Some childhood onset epilepsy syndromes remit during adolescence, but others such as juvenile myoclonic epilepsy may begin during adolescence. While epilepsy overall affects equal numbers of boys and girls, specific epilepsy syndromes such as childhood absence epilepsy and juvenile myoclonic epilepsy may be more common in girls. Epilepsy in adolescent females deserves special attention given possible hormonal effects on seizure frequency, as well as interactions between antiepileptic drugs on menstrual cycle and oral contraception.
Is there an association between menstrual cycle and seizures?
Epilepsy is defined by more than two unprovoked seizures and is unpredictable in nature. In some patients, seizures occur in periodic patterns. If seizures consistently happen around specific times of the monthly menstrual cycle, this is called catamenial epilepsy. Keeping a calendar of the seizures and the menstrual cycle is helpful if such pattern is suspected. It is unknown how often catamenial epilepsy truly occurs in women, but most women with well controlled epilepsy do not have breakthrough seizures related to their menstrual cycle. About a third of women with difficult to control epilepsy have a consistent relationship between increased seizure frequency and monthly menstrual cycle. In these selected young women, breakthrough seizures may occur due the cyclical change in the sex hormones. Estrogen and progesterone, the female sex hormones, do not cause seizures but can influence seizure frequency. When seizures pattern is observed to be related to the monthly menstrual cycle, progesterone-containing oral contraceptives can be helpful in reducing seizures.
Which side-effects of antiepileptic drugs may be important to a teenage girl?
Concerns of adolescence such as weight, hair, skin, and face are normal for teenage girls. All antiepileptic drugs have side effects which are particular to the medicine, but some medications have known unwanted effects. The majority of antiepileptic drugs may cause some degree of tiredness. Dilantin (phenytoin) can cause excess hair growth. Depakote (valproic acid) is known to potentially increase appetite and thus may lead to unwanted weight gain. Depakote may also cause polycystic ovary syndrome which can result in irregular menses, obesity, and excessive hair growth due to raised testosterone levels and multiple ovarian cysts. If a teenage girl is taking oral contraceptive pills, specific antiepileptic drugs can reduce the effectiveness of contraceptive pills, such as carbamazepine, oxcarbazepine, phenobarbital, felbamate, topiramate, lamotrigine and primidone. Oral contraceptive pills containing estrogen will reduce the blood level of lamotrigine. The choice of antiepileptic drug or oral contraceptive pills can be adjusted to maximize seizure control and to prevent risk of unwanted pregnancy. Sexually active teenagers taking oral contraceptives need to be educated on barrier methods of contraception. Not only is there reduced effectiveness of oral contraceptive medications with certain antiepileptic drugs, oral contraceptives do not prevent sexually transmitted diseases.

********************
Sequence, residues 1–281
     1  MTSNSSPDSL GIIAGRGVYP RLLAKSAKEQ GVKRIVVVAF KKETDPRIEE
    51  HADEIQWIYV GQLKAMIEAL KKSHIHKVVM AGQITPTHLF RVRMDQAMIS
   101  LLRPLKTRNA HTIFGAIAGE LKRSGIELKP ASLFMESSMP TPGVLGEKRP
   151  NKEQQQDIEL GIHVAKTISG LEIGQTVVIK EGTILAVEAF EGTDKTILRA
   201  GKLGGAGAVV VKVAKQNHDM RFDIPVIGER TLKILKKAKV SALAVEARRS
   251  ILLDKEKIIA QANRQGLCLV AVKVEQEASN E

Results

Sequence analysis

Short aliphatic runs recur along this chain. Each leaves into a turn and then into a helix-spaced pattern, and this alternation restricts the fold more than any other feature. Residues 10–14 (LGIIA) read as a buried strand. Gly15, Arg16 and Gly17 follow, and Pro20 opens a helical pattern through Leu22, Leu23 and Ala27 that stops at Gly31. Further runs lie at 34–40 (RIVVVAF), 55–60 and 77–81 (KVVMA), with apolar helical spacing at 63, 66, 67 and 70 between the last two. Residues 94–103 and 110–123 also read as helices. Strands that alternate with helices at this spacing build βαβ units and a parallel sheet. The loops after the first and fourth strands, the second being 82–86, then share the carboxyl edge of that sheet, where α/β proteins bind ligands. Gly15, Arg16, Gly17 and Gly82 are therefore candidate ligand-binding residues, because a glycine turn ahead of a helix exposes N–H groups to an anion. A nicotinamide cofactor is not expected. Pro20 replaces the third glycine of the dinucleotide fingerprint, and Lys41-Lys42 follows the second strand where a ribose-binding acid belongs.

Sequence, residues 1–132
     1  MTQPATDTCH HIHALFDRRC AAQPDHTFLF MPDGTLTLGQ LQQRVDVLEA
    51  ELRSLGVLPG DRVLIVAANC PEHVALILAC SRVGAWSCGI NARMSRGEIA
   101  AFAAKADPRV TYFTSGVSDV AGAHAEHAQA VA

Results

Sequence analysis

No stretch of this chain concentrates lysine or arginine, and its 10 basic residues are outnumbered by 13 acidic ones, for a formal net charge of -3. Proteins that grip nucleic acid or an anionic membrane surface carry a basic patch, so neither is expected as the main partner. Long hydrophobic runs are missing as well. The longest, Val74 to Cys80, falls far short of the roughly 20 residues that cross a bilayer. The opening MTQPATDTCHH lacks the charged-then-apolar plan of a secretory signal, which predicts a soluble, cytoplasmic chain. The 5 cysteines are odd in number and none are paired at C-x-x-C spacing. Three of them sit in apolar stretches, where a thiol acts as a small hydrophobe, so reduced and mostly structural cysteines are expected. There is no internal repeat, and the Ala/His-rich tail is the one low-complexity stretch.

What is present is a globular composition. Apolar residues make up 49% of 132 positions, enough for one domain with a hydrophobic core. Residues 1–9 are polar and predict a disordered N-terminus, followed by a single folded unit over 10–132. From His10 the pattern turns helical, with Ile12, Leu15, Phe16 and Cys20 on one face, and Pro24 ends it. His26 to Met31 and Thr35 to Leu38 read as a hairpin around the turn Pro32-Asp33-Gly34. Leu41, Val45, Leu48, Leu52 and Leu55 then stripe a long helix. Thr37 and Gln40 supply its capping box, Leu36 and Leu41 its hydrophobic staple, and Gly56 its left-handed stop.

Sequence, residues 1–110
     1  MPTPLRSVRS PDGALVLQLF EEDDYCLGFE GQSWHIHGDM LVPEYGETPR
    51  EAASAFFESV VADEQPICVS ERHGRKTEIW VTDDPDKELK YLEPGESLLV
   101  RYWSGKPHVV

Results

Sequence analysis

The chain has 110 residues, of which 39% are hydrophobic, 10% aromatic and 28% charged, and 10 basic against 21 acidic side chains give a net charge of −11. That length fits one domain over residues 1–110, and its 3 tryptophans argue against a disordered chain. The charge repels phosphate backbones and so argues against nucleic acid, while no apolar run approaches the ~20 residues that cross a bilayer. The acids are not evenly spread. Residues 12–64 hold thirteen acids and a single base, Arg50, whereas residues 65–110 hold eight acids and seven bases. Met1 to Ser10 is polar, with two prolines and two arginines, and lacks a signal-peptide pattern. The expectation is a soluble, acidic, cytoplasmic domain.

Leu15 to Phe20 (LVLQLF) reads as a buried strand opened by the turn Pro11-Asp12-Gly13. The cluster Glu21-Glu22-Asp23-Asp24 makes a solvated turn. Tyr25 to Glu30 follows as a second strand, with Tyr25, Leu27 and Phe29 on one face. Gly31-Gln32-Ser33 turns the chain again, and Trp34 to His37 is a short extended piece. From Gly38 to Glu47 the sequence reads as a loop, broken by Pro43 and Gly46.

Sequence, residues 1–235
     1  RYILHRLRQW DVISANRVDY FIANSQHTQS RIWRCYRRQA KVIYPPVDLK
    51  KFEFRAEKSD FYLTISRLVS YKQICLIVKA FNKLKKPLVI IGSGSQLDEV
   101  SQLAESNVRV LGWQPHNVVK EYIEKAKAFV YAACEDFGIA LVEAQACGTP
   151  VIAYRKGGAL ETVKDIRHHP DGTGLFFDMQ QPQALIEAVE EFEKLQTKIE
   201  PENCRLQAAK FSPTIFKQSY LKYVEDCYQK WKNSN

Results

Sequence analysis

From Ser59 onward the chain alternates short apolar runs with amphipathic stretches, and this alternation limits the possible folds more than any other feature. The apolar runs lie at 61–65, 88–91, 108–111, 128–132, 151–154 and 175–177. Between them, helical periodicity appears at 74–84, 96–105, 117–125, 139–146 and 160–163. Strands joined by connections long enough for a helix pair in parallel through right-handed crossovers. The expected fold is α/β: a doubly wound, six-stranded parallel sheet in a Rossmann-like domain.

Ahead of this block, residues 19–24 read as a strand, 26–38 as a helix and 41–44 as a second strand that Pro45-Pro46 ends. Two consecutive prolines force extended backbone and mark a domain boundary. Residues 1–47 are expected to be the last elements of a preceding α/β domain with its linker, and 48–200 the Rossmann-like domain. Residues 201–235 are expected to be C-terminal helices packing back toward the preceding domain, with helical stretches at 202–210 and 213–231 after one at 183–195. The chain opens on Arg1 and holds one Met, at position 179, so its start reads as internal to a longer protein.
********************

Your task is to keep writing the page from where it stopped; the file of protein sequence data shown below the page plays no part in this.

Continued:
Do the antiepileptic drugs cause long-term or permanent effects on reproductive abilities among young women with epilepsy?
The interaction between antiepileptic drugs and sex hormones continues only as long as the medications are taken. There is no known long term or permanent effects on reproductive abilities in women who have taken antiepileptic drugs in the distant past. In teenage girls who continue antiepileptic drugs into adulthood, however, issues of decreased fertility and choice of anticonvulsant during pregnancy will need to be discussed with the neurologist and the obstetrician. In pregnant women, valproic acid and carbamazepine carry the highest risk for fetal abnormalities compared to other antiepileptic drugs. Folate supplementation is recommended in young women of childbearing age, whether or not thinking about pregnancy, to reduced likelihood of fetal malformation. Certain antiepileptic drugs such as carbamazepine, valproic acid, and phenytoin can affect the balance between bone formation and breakdown.
To maintain bone health, the recommended daily allowance of calcium and vitamin D is advised. Women with epilepsy may require additional medical attention during menopause because of increased risk of osteoporosis.
Adolescence is an important time to address these issues because decisions for medication choice may be life long, and if so, will impact issues specific to women of childbearing potential, such as fertility and pregnancy. Educating teenage girls with epilepsy about these issues will empower them with growing independence and encourage them to seek guidance from their doctors on questions which they may be reluctant to discuss with parents. Assuming an active role in their medical care may also assist in the transition to adult healthcare services.
Lily Wong, M.D.
Last Reviewed: 1/15/11